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Unsung Medical Specialty Offers Less Invasive Alternatives to Surgery for Growing List of Conditions

At Washington Hospital, community physicians and specialists team up to offer lower risk, image-guided treatment

For many years, patients and the medical community have looked to surgery as the best way to treat many medical conditions. For example, surgery has often been the treatment of choice for spinal compression fractures, uterine fibroids, varicose veins, aneurysms, blood clots in the lungs and legs, some cancers, and many other problems.

In some cases, traditional surgery continues to be the treatment of choice. However, since the 1960s, a little-known, innovative medical specialty called Interventional Radiology (IR) has evolved as an alternative to open surgery. A less invasive treatment approach than traditional surgery, IR offers other distinct benefits, including lower risk, less pain and a shorter recovery time.

Today, some IR-pioneered procedures, such as angioplasty and stenting to open clogged arteries, have become well known and have been adopted by other specialties as the standard of care for some conditions. Many other leading edge IR treatments are also available, with more being developed every year.

At Washington Hospital, the growing Interventional Radiology Program has evolved with the help of modern technologies. The Hospital now offers many minimally invasive interventions that once required open surgery.

To perform a procedure, the IR specialist gains access to the target organ by inserting a tiny catheter or miniature instruments through the skin without making an incision. Using x-ray or ultrasound imaging guidance, the physician can then reach the internal site of a problem with these small devices and deliver the necessary targeted therapies.

“IR is ‘cutting edge’ medicine without the cutting,” said Washington Hospital board-certified interventional radiologist Bruce Lin, MD. “Many of these diagnostic and therapeutic procedures are now considered first-line treatments for specific conditions. They often result in improved outcomes, less discomfort, lower complication rates, and faster recovery and are usually more cost effective. In today’s health care, these are important options for doctors and patients to consider.”

Interventional Radiology is a recognized medical specialty by the American Board of Medical Specialties. Interventional radiologists are board-certified physicians with additional advanced training in a broad spectrum of minimally invasive procedures in multiple organ systems.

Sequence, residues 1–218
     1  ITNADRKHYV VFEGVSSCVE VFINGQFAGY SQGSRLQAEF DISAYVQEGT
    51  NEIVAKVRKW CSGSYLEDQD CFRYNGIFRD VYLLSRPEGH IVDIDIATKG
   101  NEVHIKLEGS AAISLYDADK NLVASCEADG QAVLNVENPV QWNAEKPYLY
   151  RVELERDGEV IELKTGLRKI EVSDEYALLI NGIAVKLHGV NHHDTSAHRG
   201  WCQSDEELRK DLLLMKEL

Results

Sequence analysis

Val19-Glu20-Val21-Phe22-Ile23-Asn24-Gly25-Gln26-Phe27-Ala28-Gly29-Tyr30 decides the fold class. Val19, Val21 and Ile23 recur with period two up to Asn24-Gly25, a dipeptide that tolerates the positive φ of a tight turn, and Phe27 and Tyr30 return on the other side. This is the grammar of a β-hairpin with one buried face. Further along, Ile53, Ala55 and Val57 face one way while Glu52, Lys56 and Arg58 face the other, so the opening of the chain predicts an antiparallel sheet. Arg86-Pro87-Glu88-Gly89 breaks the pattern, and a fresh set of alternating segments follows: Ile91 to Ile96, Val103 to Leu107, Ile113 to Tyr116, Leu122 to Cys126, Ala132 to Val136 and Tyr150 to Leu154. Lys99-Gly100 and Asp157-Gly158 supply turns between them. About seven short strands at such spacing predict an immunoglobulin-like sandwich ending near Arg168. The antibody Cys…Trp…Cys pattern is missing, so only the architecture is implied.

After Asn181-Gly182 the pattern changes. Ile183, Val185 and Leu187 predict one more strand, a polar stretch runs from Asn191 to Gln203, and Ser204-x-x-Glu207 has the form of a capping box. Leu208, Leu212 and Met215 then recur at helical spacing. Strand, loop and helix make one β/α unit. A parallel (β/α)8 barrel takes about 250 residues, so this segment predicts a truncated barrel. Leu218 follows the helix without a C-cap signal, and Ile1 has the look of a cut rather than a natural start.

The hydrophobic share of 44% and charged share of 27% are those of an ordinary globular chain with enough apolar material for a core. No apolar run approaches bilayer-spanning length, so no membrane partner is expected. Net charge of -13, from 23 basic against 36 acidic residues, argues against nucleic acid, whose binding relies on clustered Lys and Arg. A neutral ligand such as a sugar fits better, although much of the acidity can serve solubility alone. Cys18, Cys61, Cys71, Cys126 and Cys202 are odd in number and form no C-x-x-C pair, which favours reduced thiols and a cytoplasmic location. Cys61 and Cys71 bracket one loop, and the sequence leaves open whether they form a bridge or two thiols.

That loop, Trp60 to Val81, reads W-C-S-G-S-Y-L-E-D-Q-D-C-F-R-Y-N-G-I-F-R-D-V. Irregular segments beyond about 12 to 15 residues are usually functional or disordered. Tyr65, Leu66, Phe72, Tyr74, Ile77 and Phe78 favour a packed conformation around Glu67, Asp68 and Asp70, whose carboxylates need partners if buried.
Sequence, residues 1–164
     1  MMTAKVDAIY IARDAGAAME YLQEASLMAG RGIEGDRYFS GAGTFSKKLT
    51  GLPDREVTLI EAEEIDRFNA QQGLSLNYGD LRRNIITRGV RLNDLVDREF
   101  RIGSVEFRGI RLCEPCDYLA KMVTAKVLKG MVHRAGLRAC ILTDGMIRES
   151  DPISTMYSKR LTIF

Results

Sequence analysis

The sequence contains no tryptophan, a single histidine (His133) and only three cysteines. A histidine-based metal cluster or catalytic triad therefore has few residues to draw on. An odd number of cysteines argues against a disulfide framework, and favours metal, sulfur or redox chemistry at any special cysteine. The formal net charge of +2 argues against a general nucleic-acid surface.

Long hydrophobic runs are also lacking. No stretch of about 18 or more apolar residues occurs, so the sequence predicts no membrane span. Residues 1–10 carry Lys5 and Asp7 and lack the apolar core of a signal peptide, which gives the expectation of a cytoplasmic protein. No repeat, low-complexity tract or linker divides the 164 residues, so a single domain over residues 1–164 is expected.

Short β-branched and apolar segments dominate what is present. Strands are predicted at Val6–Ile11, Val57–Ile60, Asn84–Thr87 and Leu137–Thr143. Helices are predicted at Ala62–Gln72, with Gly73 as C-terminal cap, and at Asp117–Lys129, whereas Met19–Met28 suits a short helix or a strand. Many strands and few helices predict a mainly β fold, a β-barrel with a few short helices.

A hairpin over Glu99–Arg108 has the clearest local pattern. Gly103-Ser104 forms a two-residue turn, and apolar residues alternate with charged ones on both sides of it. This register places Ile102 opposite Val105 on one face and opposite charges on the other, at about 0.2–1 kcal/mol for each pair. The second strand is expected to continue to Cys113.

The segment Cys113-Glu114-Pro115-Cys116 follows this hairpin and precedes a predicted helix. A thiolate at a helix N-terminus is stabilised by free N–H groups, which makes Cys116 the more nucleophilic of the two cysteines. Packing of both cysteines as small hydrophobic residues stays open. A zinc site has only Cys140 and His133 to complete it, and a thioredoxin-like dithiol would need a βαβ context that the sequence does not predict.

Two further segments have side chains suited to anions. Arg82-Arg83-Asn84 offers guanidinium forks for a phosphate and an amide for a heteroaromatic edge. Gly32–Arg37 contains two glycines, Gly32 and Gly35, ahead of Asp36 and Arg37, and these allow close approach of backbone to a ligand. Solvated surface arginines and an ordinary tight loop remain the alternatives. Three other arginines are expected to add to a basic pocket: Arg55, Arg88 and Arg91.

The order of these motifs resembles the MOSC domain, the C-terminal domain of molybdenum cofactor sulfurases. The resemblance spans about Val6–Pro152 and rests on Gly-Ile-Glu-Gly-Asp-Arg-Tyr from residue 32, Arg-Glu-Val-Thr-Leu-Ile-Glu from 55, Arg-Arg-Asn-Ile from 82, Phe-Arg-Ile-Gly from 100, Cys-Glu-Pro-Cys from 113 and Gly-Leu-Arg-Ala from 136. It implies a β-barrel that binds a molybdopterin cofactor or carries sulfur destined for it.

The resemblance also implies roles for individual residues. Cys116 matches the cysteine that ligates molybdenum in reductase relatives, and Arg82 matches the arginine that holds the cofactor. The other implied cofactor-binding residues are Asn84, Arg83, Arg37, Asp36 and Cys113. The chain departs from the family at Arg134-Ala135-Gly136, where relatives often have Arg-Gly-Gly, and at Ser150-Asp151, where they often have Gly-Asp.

“Because interventional radiologists are first trained in diagnostic radiology, they use imaging to understand, visualize and diagnose the full scope of the disease’s pathology and to map out the procedure tailored to the individual patient,” says the website of the Society of Interventional Radiology (SIR). “Then during the procedure, they image as they go, literally watching and guiding their catheter to the site of the problem.”

“At Washington Hospital, we work with community physicians to improve patient care and outcomes,” explained Dr. Lin. “Interventional radiologists offer in-depth knowledge of the least invasive treatments available and are experts at providing advanced imaging. They use their diagnostic expertise to plan and develop optimal interventional treatment strategies.”

When doctors partner with IR specialists at Washington Hospital, patient care is streamlined through a faster, more efficient image evaluation and targeted treatment process. Areas of IR treatment performed include problems with arteries, veins and cancer or cancer-related conditions, as well as spine or pain management, women’s health, kidney dialysis access, and gastrointestinal, genitourinary or liver-related conditions.

According to SIR, the concept of IR was first used in the 1960s to open a blocked artery in an 82-year-old woman, saving her gangrenous left foot. Later, IR procedures were developed that revolutionized the practice of cardiology.

Some more recent advancements in IR include:

  • Treatments for back pain, vein problems and uterine fibroids
  • Nonsurgical destruction of a tumor or tumors without harming surrounding tissue
  • Blocking a blood vessel to stop hemorrhaging or cut off the blood supply to a tumor
  • Dissolving dangerous clots in blood vessels
  • Widening or opening blocked or partially blocked arteries supplying blood to the head and neck to prevent stroke.

Learn more

To learn more about Interventional Radiology at Washington Hospital, go to For more information about the medical specialty of Interventional Radiology, visit